As best seen in FIG. 2, the high spots 4 will be closer to one workpiece-engaging surface 18 a, whereas the low spots 5 will be closer to the other workpiece-engaging surface 18 b, so that there will be substantially uniform heat transfer to the wafer 20 at all locations. Also, as the opposed workpiece-engaging surfaces 18 a, 18 b are close to one another and the wafer 20 is disposed between these surfaces, there will be little heat transfer between the wafer 20 and the environment. All points on the wafer 20 will come to equilibrium at the temperature of the workpiece-engaging surfaces 18 a, 18 b regardless of the rate of heat transfer at each point.
As shown in FIG. 5, the holder may be provided with vacuum ports 34 extending through the workpiece-engaging surface 18, the vacuum ports 34 being connected to a source of vacuum 40 such as a pump. In this manner, the wafer 20 is held close to the workpiece-engaging surface 18; the higher pressure of the surrounding atmosphere on the side of the wafer 20 facing away from the workpiece engaging surface 18 flattens the wafer 20 against the workpiece-engaging surface 18. As also shown in FIG. 5, the workpiece-engaging surface 18 may be provided with standoffs 35 projecting slightly from such surface. The height of the standoffs 35 is exaggerated in FIG. 5 for clarity of illustration. In practice, the standoffs 35 desirably are about 100 μm high or less. The standoffs 35 assure that there is a small space between the wafer 20 and the workpiece-engaging surface 18. This provides more uniform heat transfer than would be achieved if the wafer 20 directly abutted the workpiece-engaging surface 18. In that case, minor roughness on the wafer back surface or on the workpiece-engaging surface 18 could lead to significant differences in the local heat transfer rate. The standoffs 35 desirably have small dimensions in the directions parallel to the workpiece-engaging surface 18. The standoffs 35 also have the effect of reducing contamination of the back side of the wafer 20.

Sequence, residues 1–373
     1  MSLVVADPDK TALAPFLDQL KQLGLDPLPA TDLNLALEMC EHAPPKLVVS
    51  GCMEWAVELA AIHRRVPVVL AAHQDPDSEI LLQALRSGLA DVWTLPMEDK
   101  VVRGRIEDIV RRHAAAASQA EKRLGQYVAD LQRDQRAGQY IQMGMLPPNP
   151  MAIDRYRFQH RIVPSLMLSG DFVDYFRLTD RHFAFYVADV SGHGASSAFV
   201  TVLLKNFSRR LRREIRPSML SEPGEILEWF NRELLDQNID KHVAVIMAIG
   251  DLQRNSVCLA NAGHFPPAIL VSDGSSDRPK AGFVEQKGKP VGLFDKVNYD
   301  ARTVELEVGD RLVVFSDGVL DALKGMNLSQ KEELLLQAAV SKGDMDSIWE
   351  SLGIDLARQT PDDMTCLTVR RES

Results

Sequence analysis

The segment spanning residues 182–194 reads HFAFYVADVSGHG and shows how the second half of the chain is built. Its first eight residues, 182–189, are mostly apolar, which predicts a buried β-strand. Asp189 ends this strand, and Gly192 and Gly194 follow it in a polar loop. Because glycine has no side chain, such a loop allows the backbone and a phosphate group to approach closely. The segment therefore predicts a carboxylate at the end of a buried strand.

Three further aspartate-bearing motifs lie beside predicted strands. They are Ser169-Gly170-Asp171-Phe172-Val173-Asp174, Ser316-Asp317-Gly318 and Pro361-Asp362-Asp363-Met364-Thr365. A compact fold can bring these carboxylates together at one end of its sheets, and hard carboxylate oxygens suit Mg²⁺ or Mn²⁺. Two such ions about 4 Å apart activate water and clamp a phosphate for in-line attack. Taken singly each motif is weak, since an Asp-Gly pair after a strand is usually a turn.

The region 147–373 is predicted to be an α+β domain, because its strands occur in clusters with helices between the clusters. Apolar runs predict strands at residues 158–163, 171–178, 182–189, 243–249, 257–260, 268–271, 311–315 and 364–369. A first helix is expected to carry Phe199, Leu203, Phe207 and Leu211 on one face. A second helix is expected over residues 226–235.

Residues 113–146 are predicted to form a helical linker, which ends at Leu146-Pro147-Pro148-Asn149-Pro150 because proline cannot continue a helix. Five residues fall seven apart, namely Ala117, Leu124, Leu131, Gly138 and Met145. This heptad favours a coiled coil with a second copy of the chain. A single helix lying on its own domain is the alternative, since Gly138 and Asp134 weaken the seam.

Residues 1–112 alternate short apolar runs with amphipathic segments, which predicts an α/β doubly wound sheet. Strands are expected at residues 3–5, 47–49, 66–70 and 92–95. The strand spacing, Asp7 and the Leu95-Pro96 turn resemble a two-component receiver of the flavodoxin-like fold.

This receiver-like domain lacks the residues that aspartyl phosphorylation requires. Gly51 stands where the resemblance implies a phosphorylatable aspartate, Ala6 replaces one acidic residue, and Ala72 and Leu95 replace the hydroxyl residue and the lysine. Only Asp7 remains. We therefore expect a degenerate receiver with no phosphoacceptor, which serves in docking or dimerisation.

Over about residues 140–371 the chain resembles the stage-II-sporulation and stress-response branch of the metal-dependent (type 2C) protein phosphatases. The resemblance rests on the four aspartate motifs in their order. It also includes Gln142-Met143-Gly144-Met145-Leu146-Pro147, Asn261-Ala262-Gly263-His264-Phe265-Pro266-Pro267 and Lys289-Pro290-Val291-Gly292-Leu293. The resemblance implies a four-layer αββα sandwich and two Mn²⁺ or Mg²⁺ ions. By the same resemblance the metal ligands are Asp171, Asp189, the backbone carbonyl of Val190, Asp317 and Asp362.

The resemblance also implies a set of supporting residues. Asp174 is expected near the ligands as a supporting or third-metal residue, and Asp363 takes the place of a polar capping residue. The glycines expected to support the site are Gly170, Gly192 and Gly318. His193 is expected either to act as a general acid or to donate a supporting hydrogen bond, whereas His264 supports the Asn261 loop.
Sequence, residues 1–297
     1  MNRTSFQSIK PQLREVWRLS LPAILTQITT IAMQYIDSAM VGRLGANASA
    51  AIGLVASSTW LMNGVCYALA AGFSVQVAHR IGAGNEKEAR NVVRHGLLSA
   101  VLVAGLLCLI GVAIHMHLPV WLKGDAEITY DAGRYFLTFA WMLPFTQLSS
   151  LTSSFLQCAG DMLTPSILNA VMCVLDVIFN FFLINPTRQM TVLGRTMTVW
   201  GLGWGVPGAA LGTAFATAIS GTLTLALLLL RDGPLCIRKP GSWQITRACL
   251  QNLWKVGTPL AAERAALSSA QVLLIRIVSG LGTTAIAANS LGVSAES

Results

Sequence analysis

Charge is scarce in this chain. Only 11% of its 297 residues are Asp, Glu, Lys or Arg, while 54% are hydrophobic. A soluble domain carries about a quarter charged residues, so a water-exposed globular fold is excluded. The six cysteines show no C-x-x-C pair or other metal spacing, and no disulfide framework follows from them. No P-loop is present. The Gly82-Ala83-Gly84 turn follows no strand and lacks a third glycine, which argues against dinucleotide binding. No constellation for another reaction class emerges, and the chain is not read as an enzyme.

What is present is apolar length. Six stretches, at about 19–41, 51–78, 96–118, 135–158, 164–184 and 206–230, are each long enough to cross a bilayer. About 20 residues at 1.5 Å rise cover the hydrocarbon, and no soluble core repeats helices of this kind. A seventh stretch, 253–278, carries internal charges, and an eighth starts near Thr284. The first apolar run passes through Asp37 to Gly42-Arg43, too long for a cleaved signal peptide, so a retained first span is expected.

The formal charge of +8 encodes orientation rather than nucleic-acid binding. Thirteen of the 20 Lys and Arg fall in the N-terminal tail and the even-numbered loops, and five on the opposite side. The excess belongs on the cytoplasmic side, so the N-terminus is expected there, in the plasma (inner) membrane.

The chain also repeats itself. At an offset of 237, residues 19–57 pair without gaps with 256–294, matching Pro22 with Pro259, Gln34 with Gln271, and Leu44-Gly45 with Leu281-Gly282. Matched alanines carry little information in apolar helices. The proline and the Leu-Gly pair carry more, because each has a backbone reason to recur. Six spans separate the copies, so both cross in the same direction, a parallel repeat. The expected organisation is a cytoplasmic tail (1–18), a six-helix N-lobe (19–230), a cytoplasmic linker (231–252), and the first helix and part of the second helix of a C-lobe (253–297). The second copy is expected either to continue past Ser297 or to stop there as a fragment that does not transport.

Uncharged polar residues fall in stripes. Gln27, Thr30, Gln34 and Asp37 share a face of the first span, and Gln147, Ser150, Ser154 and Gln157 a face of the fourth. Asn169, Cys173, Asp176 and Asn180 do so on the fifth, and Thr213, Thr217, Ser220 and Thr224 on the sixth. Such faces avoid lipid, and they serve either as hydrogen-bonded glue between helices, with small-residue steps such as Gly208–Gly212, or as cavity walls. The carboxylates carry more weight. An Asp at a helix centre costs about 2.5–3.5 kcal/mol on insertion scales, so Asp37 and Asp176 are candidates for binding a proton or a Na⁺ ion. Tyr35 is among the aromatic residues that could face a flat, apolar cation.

As shown in FIG. 6, the walls of a chamber 10 subjected to a high pressure differential between the interior and the exterior tend to bulge outwardly. In a fabrication procedure according to a further embodiment of the invention, the chamber 10 is subjected to the same pressure differential which it will see in service. While this pressure, and hence the deformation of the walls, is maintained, the workpiece-engaging surface is machined to the desired configuration as, for example, by grinding it flat along a plane 50. This assures that the workpiece-engaging surface 18 will have the desired configuration in service. The internal pressure may be maintained by any conventional pressure source as, for example, a compressed air source regulated to the desired pressure.
As these and other variations and combinations of the features discussed above can be utilized without departing from the present invention, the foregoing description of the preferred embodiments should be taken by way of illustration rather than by way of limitation of the invention as defined by the claims.
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|U.S. Classification||156/345.52, 219/385, 156/345.51, 219/521, 118/724, 118/500, 118/728, 118/725|
|International Classification||H01L21/00, C30B25/12|
|Cooperative Classification||H01L21/67109, C30B25/12|
|European Classification||H01L21/67S2H4, C30B25/12|
|Jul 27, 2001||AS||Assignment|
Owner name: CREATIVE DESIGN CORPORATION, NEW JERSEY
Free format text: ASSIGNMENT OF ASSIGNORS INTEREST;ASSIGNORS:HILLMAN, GARY;BARTOK, DAVID;REEL/FRAME:012013/0056
Effective date: 20010723
|Mar 26, 2003||AS||Assignment|
Owner name: THERMODIGM, LLC, NEW JERSEY
Free format text: ASSIGNMENT OF ASSIGNORS INTEREST;ASSIGNOR:CREATIVE DESIGN CORP.;REEL/FRAME:013886/0970
Effective date: 20030318
|Jul 5, 2007||REMI||Maintenance fee reminder mailed|
|Dec 23, 2007||LAPS||Lapse for failure to pay maintenance fees|
|Feb 12, 2008||FP||Expired due to failure to pay maintenance fee|
Effective date: 20071223